The end of social distancing restrictions has eased the online car buying journey and expectations of what can be done online have declined from last year according to our latest research programme. Working with leading research agency Quadrangle throughout July and August, it’s evident that online is not yet consumers’ preferred method for contact – the need for face to face contact is still there. 

  • 65% of people expect to buy a used car in the showroom
  • Just 7% of people would purchase a used car entirely online
  • Car buying apps rated 13th of 14 in comfort levels amongst a broad group led by marketplace services such as Amazon & eBay and online banking

While online is still the preferred option for researching vehicles, the appetite to complete the purchase entirely online is low, albeit it has risen slightly compared to the pre-pandemic era. However, expectations for the ability to complete the car buying journey online is declining.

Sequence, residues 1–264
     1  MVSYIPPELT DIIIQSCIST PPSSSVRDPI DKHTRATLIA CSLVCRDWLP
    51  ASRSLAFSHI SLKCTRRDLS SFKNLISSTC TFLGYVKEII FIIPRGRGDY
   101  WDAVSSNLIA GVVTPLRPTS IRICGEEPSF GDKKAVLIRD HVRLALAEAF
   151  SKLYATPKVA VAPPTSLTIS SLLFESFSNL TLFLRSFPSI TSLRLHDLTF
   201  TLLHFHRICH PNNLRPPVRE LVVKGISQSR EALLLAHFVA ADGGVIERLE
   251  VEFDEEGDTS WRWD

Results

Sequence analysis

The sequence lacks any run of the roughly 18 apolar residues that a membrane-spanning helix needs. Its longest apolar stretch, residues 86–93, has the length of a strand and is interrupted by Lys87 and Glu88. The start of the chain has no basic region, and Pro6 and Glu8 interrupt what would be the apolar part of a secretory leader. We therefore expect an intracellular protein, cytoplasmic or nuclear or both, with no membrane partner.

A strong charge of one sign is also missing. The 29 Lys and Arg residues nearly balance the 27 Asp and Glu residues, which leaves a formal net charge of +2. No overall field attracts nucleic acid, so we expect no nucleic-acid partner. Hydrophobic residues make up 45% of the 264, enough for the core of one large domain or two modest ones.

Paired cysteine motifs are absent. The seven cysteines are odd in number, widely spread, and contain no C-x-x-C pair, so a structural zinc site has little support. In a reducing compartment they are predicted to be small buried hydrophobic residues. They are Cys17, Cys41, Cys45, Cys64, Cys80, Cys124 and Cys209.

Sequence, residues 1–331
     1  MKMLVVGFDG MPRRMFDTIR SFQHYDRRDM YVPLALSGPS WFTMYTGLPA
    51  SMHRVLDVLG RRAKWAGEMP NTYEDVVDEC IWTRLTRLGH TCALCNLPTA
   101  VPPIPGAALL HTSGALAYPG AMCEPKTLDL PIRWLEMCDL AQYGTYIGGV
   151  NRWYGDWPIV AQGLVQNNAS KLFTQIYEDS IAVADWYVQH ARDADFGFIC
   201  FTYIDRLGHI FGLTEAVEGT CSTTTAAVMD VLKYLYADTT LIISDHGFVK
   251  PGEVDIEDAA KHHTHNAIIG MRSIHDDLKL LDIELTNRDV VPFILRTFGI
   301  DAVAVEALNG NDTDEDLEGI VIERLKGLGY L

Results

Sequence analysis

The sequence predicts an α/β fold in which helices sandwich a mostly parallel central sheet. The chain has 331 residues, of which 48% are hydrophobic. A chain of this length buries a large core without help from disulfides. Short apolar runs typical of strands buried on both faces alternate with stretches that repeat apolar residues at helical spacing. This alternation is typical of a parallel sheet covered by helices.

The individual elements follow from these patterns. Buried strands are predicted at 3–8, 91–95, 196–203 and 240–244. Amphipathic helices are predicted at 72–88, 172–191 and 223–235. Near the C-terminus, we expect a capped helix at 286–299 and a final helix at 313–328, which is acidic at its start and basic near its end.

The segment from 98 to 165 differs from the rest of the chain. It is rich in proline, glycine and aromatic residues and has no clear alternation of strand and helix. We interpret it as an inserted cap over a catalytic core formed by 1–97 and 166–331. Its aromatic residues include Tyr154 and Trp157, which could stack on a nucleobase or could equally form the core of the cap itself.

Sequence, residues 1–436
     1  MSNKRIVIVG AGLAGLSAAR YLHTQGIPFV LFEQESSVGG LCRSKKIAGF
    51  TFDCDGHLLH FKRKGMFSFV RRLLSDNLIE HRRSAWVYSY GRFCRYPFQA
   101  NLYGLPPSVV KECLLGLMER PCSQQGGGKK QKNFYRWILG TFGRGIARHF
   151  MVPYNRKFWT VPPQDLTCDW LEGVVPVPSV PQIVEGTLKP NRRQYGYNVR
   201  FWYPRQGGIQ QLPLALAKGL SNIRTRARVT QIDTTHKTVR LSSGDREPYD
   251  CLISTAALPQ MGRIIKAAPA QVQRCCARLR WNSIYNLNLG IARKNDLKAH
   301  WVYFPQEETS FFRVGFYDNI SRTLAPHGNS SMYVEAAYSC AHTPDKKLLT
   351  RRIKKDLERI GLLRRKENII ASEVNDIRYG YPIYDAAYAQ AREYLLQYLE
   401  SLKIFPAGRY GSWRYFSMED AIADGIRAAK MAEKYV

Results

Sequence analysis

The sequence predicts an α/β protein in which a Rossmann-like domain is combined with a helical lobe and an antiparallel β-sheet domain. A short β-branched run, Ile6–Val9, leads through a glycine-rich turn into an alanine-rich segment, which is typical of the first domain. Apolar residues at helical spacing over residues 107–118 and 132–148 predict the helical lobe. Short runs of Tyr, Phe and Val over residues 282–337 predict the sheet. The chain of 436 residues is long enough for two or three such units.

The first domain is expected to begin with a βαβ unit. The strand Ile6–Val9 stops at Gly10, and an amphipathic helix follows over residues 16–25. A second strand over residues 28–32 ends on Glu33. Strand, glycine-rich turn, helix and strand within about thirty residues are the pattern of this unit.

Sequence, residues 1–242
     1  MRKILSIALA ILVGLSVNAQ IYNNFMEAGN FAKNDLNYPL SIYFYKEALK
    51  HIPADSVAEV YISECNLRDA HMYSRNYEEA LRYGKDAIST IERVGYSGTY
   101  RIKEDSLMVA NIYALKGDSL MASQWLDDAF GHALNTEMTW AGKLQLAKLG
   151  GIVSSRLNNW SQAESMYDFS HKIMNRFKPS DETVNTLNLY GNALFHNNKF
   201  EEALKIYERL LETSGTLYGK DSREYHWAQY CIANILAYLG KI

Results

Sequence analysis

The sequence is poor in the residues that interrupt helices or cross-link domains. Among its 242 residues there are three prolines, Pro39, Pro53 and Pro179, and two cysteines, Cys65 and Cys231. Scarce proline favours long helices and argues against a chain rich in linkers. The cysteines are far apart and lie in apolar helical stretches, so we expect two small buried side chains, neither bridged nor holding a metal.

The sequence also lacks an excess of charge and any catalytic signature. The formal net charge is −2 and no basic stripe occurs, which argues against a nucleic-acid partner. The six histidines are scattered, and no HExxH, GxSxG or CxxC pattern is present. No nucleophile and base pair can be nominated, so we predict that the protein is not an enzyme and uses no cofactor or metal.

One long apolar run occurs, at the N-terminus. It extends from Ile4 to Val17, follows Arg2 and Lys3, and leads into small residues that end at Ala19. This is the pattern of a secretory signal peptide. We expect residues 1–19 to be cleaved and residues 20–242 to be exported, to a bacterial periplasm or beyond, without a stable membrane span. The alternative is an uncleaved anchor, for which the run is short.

One fascinating digital trend is the low levels of engagement with apps. Only dating apps featured lower than car buying. The feedback pointed to the lack of desire for this service, meaning people are not comfortable using these apps combined with a lack of functionality.

Commenting on this aspect of what has been a comprehensive research programme, Managing Director Karl Werner reflects;

“Online clearly has a critical role in the car buying journey, but very largely, regardless of age, it is very evident from this research that the majority of people prefer to talk to a person about a used car purchase. This does not mean that dealers should ease up on digitisation, far from it; it is a critical part of customers’ discovery phase, but what it does highlight is the importance of high quality, tailored personal service.”